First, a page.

Government of Tulsa, Oklahoma

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The Tulsa City Hall, formerly known as One Technology Center, houses most city government functions.

The City of Tulsa has a mayor-council form of government. This form of government has been in place since 1989, at which time Tulsa converted from a city commission form of government. The mayor is elected by the entire population and each of the 9 Councilors are elected from districts based on population.

Tulsa is the county seat for Tulsa County. Within the boundaries of the city and surrounding county are tribal lands belonging to and governed by various Native American nations.


Elected officials


The present mayor of Tulsa is Mayor Dewey F. Bartlett, Jr., a Republican. He was first sworn in as mayor in 2010. Prior to Mayor Bartlett, the office was occupied by Mayor Kathy Taylor, who had previously served as Secretary of Commerce and Tourism for the state of Oklahoma. Taylor, a Democrat, unseated Bill LaFortune, a Republican, in April 2006. The mayor serves a term of four years. The mayor is responsible for the day to day operations of the city and preparing a budget. The mayor names the police and fire chiefs.

Another former Tulsa mayor, Jim Inhofe, now represents Oklahoma in the United States Senate.

City Auditor

The current auditor of Tulsa is Clift Richards. The auditor is elected independently of the City Council and Mayor to insure the auditor can act in an objective manner. Richards was recently elected in 2011. The city auditor serves a term of two years.


The current Chairman of the Tulsa City Council is Maria Barnes (District 4), and the Vice Chairman is Jim Mautino (District 6). This position rotates between parties and members.

Jack HendersonDistrict 1D
Rick WestcottDistrict 2R
Roscoe TurnerDistrict 3D
Maria BarnesDistrict 4D
Chris TrailDistrict 5R
Jim MautinoDistrict 6R
John EagletonDistrict 7R
Bill ChristiansenDistrict 8R
G.T. BynumDistrict 9R

City Hall

Tulsa's City Hall in the Civic Center until 2007.

Until 2007, City Hall was located in the civic center, a sector of downtown that included most governmental services, including the Federal Courthouse, Tulsa County Courthouse, Tulsa City-County Library, and The Convention Center. In 2007 Mayor Kathy Taylor proposed to move City Hall from its civic center location to One Technology Center, on the northwest corner of Second Street and Cincinnati. Taylor argued that a recent study showed the move would save $15.2 million over a 10-year period. Most of the savings would come from the new energy efficient building.[1] The move would then allow the City Hall property to be redeveloped into possibly a new hotel to support the new BOK Center.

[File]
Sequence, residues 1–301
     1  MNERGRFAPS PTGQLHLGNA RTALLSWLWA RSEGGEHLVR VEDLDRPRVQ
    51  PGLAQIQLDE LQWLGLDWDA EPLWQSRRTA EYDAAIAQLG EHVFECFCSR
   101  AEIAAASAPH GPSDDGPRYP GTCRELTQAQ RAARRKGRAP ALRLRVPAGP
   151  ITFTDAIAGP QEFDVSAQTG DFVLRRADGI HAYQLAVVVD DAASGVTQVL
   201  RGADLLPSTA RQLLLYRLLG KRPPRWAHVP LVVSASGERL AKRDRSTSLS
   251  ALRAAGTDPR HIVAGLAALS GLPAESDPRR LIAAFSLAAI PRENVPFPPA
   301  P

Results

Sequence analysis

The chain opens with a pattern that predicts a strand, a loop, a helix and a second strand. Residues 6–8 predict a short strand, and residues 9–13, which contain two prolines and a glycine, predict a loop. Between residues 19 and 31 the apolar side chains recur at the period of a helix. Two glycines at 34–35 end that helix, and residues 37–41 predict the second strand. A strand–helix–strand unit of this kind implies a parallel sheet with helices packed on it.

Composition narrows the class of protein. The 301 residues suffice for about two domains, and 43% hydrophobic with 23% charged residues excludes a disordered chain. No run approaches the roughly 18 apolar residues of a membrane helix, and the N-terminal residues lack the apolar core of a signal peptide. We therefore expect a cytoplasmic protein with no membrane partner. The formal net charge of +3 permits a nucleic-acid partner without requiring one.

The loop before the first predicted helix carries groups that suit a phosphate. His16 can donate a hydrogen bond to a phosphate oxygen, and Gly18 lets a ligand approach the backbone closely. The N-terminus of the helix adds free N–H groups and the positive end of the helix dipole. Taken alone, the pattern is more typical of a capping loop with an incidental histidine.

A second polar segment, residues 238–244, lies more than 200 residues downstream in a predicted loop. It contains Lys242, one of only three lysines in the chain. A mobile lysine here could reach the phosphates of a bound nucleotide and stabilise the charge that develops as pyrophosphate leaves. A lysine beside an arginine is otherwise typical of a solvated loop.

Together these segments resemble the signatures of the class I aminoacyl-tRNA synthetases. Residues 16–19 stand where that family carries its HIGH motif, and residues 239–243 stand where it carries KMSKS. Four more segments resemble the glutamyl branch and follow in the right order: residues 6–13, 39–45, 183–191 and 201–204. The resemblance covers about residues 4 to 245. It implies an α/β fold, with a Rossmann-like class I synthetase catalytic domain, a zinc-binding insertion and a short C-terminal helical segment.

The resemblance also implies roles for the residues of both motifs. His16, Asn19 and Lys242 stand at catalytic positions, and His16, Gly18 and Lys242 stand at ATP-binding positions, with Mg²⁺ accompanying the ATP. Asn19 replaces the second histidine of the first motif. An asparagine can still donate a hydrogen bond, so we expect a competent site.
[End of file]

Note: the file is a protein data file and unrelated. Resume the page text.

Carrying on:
On July 12, 2007 the Tulsa City Council voted 8-1 to move the City Hall to One Technology Center.[2]

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Tulsa City Office Building in 1909

Tulsa's first city office building was a two-story brick building constructed in 1906 at 211 West Second Street. Primarily intended as a fire station, it included administrative offices and a police station. The city jail was in the basement.[3] The city quickly outgrew that facility and began renting office space in the privately-owned Reeder Building.

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Tulsa Municipal Building in 1941

In 1917, Tulsa government offices moved into a much larger facility at Fourth and Cincinnati, formally called the Municipal Building to house city services. This served the city until the 1960s, when the Civic Center building was opened.[4] The Municipal Building was listed on the National Register of Historic Places under Criterion C on July 18, 1975. Its NRIS number is 75001574.[5]


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